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How to Trade Stocks




Since thousands of years ago people have understood that the concept of buying something at a low price and selling it later at a higher price has economic benefits. It is the same basic principal of Stock Trading in today’s financial market.

Despite such simplicity, many people, market experts and financial institution lose money in Stock Trading. This raise the question of WHY?



Insufficient Knowledge & Skills:

Many traders (both retail & institutions) lack the skills and understanding of financial knowledge to trade stocks.

1.

Choose the right market to trade.

An investor has to decide where he wants to trade. Is it a global exchange such as Hong Kong Stock Exchange or London Stock Exchange or is it NYSE & NASDAQ in US or a regional exchange in Dubai, Mumbai, Shanghai and Singapore? Most investors have developed an affinity towards their own local exchange because they are familiar with the companies listed there, even though it may not be the best stock exchange. A smart investor would definitely choose a market with the highest trading volume and full of liquidity where all the global players are. This is none other than NYSE & NASDAQ. Both these Exchanges have a combined trading volume of 150 billion dollars on any normal trading day. Such volume and liquidity is way above the rest of the stock exchanges around the world. With a huge trading volume and a broad range of investors with different risk appetite, it is often easier to pick a profitable trade.

2.

Choose the right sector to trade

An investor has to educate himself or herself on the latest global trend and thereafter identify the current or upcoming favorite trading sector of the market. It could be bio-technology and pharmaceutical corporations due to outbreak of global epidemic. It could be energy sector because global economy is picking up. It could be a certain type of commodity sector because of a drop of global output as a result of bad weather/disease outbreak in another major producing continent/country. Trading stocks in the right sector do not necessarily lead to profit but it is more likely that the price of those stocks will enjoy an upward momentum, at least in the short term. An ill-informed or ignorant investor may end up buying the wrong stocks because everyone else is already dumping those stocks and moving to the “hot” sector.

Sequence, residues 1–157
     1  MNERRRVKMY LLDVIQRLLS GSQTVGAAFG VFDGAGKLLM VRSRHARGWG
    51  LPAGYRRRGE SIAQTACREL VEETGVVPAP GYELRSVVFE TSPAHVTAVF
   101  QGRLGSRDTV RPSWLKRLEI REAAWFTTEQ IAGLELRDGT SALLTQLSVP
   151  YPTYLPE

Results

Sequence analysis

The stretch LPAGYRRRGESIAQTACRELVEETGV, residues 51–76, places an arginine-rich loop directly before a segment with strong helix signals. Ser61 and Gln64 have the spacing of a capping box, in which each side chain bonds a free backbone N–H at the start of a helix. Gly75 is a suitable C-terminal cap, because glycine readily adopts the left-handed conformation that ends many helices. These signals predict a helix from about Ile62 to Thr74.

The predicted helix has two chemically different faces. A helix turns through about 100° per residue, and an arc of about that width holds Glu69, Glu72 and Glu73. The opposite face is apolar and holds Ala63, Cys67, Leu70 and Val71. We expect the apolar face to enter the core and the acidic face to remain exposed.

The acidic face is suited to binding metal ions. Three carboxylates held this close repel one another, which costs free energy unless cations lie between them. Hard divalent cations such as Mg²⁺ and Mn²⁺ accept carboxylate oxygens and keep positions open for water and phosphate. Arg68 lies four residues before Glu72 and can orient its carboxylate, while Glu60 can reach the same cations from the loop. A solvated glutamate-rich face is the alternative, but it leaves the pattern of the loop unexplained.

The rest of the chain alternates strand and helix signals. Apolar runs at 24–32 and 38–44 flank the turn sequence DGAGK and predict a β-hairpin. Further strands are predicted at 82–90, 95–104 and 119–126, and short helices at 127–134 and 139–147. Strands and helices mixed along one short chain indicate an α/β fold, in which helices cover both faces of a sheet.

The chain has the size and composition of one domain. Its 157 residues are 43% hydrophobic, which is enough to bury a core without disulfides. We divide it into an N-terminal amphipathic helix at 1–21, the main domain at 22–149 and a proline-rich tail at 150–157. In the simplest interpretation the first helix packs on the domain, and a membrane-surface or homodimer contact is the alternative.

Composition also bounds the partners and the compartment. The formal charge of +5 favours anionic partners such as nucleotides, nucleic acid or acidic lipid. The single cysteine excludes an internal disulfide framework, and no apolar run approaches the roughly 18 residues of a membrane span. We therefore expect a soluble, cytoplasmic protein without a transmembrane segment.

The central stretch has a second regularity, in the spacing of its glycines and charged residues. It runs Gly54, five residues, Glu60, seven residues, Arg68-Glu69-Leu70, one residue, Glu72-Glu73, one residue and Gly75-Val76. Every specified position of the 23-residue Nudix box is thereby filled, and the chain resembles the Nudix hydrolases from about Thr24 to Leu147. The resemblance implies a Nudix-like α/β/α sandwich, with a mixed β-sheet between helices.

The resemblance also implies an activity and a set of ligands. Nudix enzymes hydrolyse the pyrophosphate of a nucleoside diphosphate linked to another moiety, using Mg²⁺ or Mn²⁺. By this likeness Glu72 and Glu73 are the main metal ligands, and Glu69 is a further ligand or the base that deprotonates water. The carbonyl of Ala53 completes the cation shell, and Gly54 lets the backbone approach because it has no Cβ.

3.

Choose the correct stock to trade

There are many analytical tools that can be used to decide whether to buy/trade a particular stock. Basic knowledge such as support level, resistance level, moving averages, fundamental, price/earnings (P/E) Ratio, oversold or undervalued scenarios must be considered at all time. Investors tend to trade “hot” stocks because it is among the Top 10 actively traded stocks of the day without actually knowing the reason behind it. Some investors may end up buying Top 10 biggest loser of the day, expecting it to rebound the next day. All irrational trades eventually lead to huge losses.


Invest Only in Companies You Know and Trust

4.

Select the appropriate strategy to trade each stock

Every stock has its own characteristic. Some people call it the DNA of the stock. Some stocks always rise before dividend call. Some stocks rise before the launching of their new products. Some stocks rise on certain months of the year. Some top management have a history of launching Stock Buyback (Share repurchase) Scheme to prop up the share price before holding shareholder's Annual General Meeting (AGM) in order to make their shareholders happy. Some stocks do not follow any specific trend. An investor must study a particular stock in absolute detail before trading it, which is something that 9/10 retail investors don't do.


Timing is everything. Learn to do nothing. Doing nothing is quite often the right thing to do.

5.

Investing is all about choosing the moment when things begin to go up